Thursday, May 14, 2015

Moroccan News Briefs #127

Two Moroccans Win Arab Journalism Awards

Sanaa Boukhlis, a former journalist with the weekly Al Maghrib Yaoum won the humanitarian journalism award at the 14th Arab Journalism ceremony.  The awards that took place Wednesday in Dubai. Meryem Bouzaachane from Al Akhbar, was awarded first place in the category Young Journalists.

Sanaa Boukhlis

Boukhlis picked up the award for humanitarian journalism at the event called "Arab Media Forum" chaired by Sheikh Mohammed bin Rashid Al Makhtoum, Vice President and Prime Minister of UAE and Ruler of Dubai.

Moroccan Researcher Wins African Innovation Prize

Moroccan researcher Adnan Remmal won the Grand Innovation Prize for Africa (IPA) in 2015 with 100 000. The announcement was made ​​in Skhirat (Morocco) at a ceremony held on 12 and 13 May by the African Innovation Foundation (AIF) in collaboration with the Ministry of Industry, Trade, Investment and the Digital Economy.

Remmal, biotechnology professor at Sidi Mohamed Ben Abdellah University in Fez, was honoured for his exhaustive research process, providing farmers an African solution to improve livestock production while taking into account the needs of consumer health.

The researcher, who proposed a natural alternative to antibiotics for livestock, competed with 10 other finalists African innovators who have done research in several areas, including health, environment, technology and agriculture. Initially, some 925 candidates from 41 African countries had been selected.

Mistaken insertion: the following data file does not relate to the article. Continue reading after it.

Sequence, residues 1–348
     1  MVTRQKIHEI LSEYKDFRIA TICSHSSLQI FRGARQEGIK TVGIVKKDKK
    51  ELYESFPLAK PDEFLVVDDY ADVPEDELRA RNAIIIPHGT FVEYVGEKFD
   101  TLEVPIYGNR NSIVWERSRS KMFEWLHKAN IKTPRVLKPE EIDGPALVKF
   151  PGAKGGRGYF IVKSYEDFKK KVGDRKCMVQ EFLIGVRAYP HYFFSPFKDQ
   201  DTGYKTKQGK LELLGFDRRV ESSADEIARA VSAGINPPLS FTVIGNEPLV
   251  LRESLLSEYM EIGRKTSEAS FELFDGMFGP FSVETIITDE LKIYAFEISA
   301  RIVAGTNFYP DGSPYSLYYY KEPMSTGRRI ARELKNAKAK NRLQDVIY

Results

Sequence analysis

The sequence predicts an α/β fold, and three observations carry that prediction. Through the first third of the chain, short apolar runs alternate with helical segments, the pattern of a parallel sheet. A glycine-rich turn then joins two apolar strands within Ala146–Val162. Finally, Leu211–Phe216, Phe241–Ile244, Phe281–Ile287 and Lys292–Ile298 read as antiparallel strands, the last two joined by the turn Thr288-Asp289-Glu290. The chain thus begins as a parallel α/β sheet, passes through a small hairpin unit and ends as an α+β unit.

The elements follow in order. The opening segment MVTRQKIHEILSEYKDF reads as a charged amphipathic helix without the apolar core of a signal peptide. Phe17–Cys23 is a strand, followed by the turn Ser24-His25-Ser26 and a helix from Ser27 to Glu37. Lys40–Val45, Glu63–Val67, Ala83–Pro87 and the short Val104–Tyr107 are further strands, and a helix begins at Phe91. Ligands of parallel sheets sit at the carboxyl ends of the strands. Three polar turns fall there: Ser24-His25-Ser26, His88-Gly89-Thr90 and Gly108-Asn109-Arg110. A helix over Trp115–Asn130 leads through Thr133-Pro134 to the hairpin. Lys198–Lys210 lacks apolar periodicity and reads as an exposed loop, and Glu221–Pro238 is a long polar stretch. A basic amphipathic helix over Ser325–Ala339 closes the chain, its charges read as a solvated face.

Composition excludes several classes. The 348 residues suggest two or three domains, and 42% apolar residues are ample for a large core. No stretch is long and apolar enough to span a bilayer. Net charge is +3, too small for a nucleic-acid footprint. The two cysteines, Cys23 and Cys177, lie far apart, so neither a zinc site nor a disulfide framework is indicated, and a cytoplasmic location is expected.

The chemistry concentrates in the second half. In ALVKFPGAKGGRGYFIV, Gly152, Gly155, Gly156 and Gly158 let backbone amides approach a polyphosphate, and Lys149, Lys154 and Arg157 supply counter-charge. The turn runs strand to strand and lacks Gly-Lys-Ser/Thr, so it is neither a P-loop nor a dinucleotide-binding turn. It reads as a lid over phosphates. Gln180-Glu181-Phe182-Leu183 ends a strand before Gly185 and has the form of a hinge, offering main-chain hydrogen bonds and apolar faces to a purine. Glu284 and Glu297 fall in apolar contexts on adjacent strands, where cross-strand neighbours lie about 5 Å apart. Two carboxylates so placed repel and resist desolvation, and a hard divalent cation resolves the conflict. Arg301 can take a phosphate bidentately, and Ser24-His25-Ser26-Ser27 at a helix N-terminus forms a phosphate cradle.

"My innovation provides farmers with solutions to improve their production ... It is cost effective and can be easily adopted, it gives farmers the opportunity to increase their profits without anti-biotic side effects," said Remmal.

Alex Muriu Mwaura of Kenya won the second prize, while the South African Lesley Erica Scott received the Special Award for social impact, with $ 25 000 each.

System to treat wastewater discharges along Morocco coastline

Yesterday, His Majesty King Mohammed VI, inaugurated an anti-pollution system from SUEZ Environment on the East Coast of Greater Casablanca to treat a number of wastewater discharges into the sea.

The Moroccan coastline, which extends from Casablanca to Mohammedia, serves as one of the most industrialised seaboards in the country and generates large amounts of pollution, principally due to wastewater discharges into the sea. As such, SUEZ is aiming to preserve the Greater Casablanca coastline.